Tuesday, 7 December, 2021
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Japan plans record defence spending

Japan plans record defence spending

TOKYO: Japan plans record defense spending in an extra budget expected to be announced along with an economic stimulus package on Friday, media reported, as former premier Shinzo Abe called for a “new level” of defense cooperation with ally Australia.

The developments come as Japan and Western allies including the United States, Britain and Australia respond to increased Chinese militarisation in Asia-Pacific, reports Reuters.

The extra budget will include costs to buy missiles, mines and torpedoes and expenses related to patrol planes, transport aircraft and other core equipment that were initially included in the Defense Ministry’s budget request for fiscal 2022.

Japan plans to allocate at least 770 billion yen for defense in a supplementary budget that will form a part of the economic stimulus package to be finalized on Friday, Kyodo News reported.

That amount - the most for defense in a supplementary budget - would dwarf the 430 billion yen earmarked in an extra budget in fiscal 2019, and would include outlays for missiles and patrol aircraft, and for strengthening defense capabilities near the southwestern islands, Kyodo said.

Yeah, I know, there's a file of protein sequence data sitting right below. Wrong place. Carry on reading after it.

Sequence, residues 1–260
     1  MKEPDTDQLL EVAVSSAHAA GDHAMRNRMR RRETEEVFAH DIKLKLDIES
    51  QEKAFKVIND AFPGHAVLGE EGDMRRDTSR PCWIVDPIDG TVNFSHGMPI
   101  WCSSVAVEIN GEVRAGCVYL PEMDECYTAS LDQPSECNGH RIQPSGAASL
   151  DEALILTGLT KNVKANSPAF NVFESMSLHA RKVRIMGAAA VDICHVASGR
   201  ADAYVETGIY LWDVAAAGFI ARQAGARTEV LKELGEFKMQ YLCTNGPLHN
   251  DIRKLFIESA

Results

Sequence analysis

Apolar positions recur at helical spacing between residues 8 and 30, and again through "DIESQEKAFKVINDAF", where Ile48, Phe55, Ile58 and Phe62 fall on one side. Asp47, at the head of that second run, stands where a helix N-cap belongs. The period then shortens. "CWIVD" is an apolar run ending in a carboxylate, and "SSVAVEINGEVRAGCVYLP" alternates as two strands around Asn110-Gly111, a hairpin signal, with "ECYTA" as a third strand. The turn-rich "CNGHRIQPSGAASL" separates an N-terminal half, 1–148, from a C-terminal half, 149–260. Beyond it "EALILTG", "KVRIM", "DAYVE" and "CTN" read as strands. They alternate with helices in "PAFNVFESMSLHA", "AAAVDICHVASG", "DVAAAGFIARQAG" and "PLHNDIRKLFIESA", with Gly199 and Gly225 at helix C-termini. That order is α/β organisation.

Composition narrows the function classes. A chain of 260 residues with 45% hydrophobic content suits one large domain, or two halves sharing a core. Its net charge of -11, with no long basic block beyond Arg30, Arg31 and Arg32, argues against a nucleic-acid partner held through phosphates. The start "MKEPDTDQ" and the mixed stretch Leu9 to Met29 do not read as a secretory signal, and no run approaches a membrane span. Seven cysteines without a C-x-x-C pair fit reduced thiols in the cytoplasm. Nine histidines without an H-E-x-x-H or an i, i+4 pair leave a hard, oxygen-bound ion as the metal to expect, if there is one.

Japan has long committed to keeping its military budgets within 1 percent of gross domestic product (GDP), a number that has eased concern at home and abroad about any revival of the militarism that led it into World War Two.

But with concern growing about China’s military in the disputed East China Sea, the ruling Liberal Democratic Party (LDP) included a goal of spending 2 percent of GDP or more on the military in its policy platform ahead of an election held on Oct 31.

Japan’s defense ministry wants money for an indigenous stealth fighter and missiles that can travel more than 1,000 kilometers, among others, while the country is also building up cyber, space and electromagnetic warfare capabilities.

Japan is also aiming to strengthen ties with allies and friendly nations such as Australia, a point that Abe--who resigned last year but remains influential in the LDP--made on Friday while taking part in an online seminar organized by an Australian think tank. “Given the regional security environment which has become increasingly severe, there is a need to elevate Japan-Australia bilateral security and defense cooperation to a new level,” he said in a speech for the event, also addressed by Indian Prime Minister Narendra Modi.

Abe said Japan should cooperate with the AUKUS security partners - the United States, Britain and Australia--on artificial intelligence, cyber capabilities and quantum technologies. The AUKUS pact is widely seen as a response to Chinese militarisation in the region.